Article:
Back at you. Can’t help it if bike mechanics feel like entitled know-it-all dicks anymore than you can help it if customers do so.

Plus, the shop isn’t charging me $10/hr. They’re charging $60/hr. If you think you aren’t getting enough of that $60/hr take it up with your boss. More likely than not he’ll fire you and hire someone who will work for $10/hr. The customer is already paying out the nose with a $60/hr rate.

Pete - 02/11/14 - 1:15am

@ve Experience, knowledge, and relating to people makes for both a good bike mechanic or a good doctor.

Good on you that you do your own work. You do you. But, it’s not funny that you deprecate a whole group because you had a bad experience with an individual. That’s ignorance. Also, if it was so simple to fix that ghost shifting, then why didn’t you perform the service yourself? You have the books…

Mark - 02/11/14 - 1:16am

Maybe people should treat bike mechanics like they treat their restaurant servers, if they provide a good service tip them accordingly if they don’t, then don’t tip, it is a service and in the US, even baristas who pour a simple cup of black coffee that is pre-made get a tip. Truth is, you have good mechanics and you have “hacks” as you all like to call them, same as any service provided. Make sure that the good mechanics get what they deserve and the bad ones get, well, nothing. Just appreciate work when its needed and realize that some mechanics do a lot more than just wrench. I personally have had mechanics sit on the phone and go to bat with companies to get me FREE replacement parts and service, things that unless you are a dealer can’t do from your home.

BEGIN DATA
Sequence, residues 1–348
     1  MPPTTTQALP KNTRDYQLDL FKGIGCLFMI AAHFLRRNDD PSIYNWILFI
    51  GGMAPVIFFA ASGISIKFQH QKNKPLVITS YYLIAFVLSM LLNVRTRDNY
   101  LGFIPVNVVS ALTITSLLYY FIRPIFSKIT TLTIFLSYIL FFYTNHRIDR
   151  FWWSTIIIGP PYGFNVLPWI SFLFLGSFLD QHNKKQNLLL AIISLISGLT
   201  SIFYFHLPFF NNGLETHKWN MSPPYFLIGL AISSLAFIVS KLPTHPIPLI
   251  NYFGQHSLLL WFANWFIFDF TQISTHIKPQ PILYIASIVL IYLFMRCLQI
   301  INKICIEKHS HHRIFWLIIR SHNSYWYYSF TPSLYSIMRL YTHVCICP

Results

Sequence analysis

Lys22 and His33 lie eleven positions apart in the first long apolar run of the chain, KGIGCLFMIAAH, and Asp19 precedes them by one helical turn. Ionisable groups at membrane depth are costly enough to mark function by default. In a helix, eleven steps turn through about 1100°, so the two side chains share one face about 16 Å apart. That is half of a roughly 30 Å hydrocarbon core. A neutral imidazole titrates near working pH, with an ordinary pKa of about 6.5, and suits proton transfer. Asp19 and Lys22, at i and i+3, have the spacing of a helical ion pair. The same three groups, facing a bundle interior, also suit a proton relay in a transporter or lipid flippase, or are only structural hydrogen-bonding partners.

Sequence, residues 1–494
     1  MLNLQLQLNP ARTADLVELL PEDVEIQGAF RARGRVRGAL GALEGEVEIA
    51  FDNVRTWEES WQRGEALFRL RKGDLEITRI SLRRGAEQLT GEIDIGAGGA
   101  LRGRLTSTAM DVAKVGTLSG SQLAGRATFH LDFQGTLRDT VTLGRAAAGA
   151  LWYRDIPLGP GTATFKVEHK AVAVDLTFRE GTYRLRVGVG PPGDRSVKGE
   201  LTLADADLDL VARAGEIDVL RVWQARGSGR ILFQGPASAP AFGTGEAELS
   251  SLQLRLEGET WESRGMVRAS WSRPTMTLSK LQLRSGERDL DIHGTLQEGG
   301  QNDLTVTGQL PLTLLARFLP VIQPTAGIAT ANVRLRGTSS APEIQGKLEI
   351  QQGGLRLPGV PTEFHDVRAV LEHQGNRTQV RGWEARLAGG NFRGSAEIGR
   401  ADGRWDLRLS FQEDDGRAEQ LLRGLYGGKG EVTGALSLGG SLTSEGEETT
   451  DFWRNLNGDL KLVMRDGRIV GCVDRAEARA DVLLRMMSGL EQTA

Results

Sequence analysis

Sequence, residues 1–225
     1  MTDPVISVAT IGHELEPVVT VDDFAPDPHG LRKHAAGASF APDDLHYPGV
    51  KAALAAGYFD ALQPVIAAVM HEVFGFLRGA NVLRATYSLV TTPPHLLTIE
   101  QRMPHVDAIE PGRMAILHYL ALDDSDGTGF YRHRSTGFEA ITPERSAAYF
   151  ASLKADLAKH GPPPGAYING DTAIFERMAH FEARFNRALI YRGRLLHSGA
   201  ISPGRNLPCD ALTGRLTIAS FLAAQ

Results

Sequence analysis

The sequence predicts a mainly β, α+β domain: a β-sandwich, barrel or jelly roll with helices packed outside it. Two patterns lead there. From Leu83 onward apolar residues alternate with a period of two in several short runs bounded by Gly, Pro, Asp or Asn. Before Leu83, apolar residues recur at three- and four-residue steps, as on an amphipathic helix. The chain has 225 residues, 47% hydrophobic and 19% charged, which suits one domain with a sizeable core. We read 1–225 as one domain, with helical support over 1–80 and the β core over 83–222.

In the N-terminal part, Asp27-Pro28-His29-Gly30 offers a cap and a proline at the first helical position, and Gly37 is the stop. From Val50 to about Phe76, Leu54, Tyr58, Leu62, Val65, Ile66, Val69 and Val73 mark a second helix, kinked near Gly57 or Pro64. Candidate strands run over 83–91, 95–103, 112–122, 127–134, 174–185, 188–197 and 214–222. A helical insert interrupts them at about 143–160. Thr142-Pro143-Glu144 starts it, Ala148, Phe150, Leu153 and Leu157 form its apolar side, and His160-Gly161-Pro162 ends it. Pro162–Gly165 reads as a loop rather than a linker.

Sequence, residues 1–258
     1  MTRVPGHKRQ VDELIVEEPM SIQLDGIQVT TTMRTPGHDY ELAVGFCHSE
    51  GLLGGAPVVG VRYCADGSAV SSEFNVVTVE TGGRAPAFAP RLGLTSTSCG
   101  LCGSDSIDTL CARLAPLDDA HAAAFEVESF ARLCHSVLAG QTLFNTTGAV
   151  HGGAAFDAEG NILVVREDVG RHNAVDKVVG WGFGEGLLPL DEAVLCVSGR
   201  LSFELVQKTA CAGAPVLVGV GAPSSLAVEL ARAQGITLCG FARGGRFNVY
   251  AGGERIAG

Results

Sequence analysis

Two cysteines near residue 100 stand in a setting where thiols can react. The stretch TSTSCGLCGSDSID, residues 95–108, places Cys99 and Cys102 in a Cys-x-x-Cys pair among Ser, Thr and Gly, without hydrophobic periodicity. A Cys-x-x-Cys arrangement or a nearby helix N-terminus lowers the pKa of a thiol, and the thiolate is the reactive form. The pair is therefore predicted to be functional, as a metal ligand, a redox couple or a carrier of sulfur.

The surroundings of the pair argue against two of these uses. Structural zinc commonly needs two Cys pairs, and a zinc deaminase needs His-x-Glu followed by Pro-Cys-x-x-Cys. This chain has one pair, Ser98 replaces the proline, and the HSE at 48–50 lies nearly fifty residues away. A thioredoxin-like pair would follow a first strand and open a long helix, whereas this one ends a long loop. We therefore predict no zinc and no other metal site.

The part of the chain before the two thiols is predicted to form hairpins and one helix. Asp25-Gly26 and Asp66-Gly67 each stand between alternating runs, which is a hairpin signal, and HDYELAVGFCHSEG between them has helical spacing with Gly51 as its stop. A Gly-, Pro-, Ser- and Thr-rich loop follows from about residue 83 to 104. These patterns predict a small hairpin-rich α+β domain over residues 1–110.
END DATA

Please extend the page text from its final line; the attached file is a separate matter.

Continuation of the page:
Kurt the Mechanic - 02/11/14 - 1:19am

@ve

I bet you have big issues and strong opinions about a lot of things. Do you find yourself often getting into arguments like this? I am not a know-it-all but I do know a lot about bikes. I also know that a bike shop is more than a place to have your bike worked on. It is usually a local hub for like minded lovers of bicycles. I hope you have a place like that you can go to. Half the fun of riding bikes is riding them with others.

George - 02/11/14 - 1:20am

hi from Denmark.
no matter the country, it is a career. you should be well paid…. if you are good. or else, change job,